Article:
Over the past few months, there has been a lot of discussion sparked by the Giving Pledge about what level people should give at and what targets are the most effective for mobilizing people to give. While there is obviously no one answer, I find the diversity of approaches a powerful rather than distracting reality. For some, an invitation to give 1% will be a doable but major step while others are open and interested in giving at much higher percentages of their income, assets, or business profits.
At Bolder Giving, our fundamental belief is that we have a capacity to give more than we know. We collect and share stories of people giving beyond the norm as a way of providing inspiration and role models for bigger giving. Indeed many of our stories profile individuals giving 50% or even 90% of their income, assets or profits to a wide range of issues and communities.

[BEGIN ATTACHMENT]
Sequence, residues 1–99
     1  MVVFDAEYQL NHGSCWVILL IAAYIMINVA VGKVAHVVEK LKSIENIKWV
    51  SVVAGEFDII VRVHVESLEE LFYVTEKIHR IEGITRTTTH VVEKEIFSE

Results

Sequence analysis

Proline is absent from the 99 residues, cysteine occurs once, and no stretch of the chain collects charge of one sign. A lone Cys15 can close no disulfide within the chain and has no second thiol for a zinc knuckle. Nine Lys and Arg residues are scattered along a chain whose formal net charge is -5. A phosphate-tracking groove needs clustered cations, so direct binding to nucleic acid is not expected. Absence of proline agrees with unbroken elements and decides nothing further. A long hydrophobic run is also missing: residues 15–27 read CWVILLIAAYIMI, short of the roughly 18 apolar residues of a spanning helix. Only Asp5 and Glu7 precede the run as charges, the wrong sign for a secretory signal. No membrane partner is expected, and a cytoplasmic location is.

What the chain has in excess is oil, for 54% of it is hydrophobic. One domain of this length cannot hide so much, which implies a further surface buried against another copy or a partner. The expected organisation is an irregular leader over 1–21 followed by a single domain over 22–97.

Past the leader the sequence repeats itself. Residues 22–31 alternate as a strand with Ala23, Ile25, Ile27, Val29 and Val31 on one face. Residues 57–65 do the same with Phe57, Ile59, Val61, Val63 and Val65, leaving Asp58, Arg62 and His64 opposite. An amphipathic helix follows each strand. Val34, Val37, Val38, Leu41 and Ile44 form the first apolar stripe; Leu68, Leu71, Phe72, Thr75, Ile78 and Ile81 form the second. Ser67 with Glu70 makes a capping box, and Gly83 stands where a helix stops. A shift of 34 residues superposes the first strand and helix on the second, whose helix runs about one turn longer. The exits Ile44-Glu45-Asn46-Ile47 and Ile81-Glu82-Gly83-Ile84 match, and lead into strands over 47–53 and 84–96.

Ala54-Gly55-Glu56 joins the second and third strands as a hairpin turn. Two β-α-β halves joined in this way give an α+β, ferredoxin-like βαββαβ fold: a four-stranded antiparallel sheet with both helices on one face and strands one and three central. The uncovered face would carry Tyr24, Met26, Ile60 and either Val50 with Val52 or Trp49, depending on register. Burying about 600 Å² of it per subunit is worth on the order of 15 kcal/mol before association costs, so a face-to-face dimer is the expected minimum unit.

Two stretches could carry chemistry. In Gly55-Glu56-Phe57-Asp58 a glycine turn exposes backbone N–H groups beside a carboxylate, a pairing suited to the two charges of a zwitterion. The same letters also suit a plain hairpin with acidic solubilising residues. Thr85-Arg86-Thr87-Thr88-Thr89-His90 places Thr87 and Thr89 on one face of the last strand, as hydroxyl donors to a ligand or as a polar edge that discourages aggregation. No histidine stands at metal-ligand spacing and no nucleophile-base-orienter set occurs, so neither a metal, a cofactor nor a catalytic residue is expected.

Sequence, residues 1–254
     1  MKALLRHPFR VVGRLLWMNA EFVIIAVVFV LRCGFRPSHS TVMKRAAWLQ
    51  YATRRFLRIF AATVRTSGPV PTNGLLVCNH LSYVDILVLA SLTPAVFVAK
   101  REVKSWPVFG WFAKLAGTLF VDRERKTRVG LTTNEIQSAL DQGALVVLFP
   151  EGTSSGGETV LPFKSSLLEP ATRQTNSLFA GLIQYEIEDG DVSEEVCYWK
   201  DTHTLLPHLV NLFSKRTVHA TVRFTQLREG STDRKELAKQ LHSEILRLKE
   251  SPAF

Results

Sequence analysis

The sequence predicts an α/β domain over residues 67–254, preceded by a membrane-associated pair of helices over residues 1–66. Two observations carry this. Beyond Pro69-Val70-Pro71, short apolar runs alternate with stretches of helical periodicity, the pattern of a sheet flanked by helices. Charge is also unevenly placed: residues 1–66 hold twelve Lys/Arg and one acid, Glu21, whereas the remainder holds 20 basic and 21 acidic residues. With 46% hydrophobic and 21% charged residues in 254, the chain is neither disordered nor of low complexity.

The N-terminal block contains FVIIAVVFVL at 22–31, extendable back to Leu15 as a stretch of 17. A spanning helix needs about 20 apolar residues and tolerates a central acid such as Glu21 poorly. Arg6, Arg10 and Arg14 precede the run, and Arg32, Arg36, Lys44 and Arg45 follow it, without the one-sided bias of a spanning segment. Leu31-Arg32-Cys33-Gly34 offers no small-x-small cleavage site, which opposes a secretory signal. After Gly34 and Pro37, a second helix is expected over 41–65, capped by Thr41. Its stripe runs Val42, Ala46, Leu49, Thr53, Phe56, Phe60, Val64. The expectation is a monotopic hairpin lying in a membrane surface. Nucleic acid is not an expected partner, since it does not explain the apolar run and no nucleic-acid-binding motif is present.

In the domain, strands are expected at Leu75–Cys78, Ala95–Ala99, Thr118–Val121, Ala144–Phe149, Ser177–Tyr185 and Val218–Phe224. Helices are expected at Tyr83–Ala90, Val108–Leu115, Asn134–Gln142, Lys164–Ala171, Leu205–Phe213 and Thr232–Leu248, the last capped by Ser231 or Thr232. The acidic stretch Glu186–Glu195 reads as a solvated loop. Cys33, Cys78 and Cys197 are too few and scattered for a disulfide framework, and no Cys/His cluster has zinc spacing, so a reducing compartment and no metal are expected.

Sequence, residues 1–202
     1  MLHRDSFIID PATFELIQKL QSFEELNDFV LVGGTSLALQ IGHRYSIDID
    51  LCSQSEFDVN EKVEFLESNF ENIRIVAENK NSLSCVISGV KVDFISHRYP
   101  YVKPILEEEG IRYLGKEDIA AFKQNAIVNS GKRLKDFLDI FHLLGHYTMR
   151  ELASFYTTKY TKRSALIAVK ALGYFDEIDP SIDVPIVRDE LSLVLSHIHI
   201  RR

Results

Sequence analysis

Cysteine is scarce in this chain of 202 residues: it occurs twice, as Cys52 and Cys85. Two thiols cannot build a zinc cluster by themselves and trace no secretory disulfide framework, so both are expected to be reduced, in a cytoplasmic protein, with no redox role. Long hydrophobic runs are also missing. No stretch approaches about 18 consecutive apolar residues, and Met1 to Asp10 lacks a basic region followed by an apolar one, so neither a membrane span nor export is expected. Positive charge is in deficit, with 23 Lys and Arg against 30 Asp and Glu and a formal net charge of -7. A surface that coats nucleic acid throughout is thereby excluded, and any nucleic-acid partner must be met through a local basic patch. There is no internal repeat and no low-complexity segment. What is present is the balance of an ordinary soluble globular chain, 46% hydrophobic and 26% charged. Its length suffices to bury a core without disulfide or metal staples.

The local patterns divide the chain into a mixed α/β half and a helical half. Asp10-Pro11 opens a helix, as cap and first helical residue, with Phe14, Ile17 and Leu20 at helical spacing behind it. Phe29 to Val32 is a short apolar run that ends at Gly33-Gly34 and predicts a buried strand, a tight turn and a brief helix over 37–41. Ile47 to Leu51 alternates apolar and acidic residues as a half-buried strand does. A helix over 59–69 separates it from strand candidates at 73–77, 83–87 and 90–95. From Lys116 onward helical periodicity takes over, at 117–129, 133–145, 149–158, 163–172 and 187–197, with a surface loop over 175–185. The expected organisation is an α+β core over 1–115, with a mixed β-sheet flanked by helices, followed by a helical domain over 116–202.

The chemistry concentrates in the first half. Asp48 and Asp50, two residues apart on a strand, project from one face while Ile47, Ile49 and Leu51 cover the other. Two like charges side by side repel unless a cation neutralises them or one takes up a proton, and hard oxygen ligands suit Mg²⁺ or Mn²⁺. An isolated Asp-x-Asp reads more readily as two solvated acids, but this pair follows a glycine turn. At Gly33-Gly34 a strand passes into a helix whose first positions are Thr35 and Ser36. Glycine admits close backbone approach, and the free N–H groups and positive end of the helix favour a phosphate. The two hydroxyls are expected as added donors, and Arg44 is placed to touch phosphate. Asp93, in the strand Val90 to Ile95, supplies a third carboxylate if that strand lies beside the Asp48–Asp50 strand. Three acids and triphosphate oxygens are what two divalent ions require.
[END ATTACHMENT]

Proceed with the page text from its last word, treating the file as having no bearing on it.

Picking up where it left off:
For many, the journey to give starts from their faith. Many religious communities call for donating a percent of one’s income, wealth or production (agricultural or manufactured goods) either to their religious institution or to charity in general. This practice encompasses most major world religions including Buddhism (d?na), Christianity (tithing), Hinduism (dashamamsha), Islam (zakat), Judaism (ma'aser kesafim), and Sikhism (dasvand). In addition to spiritual beliefs, we’ve encountered many other motivations for giving beyond the norm - a pursuit of fairness, a desire for impact, passion for a cause, personal satisfaction, or a desire for cultural or personal simplicity.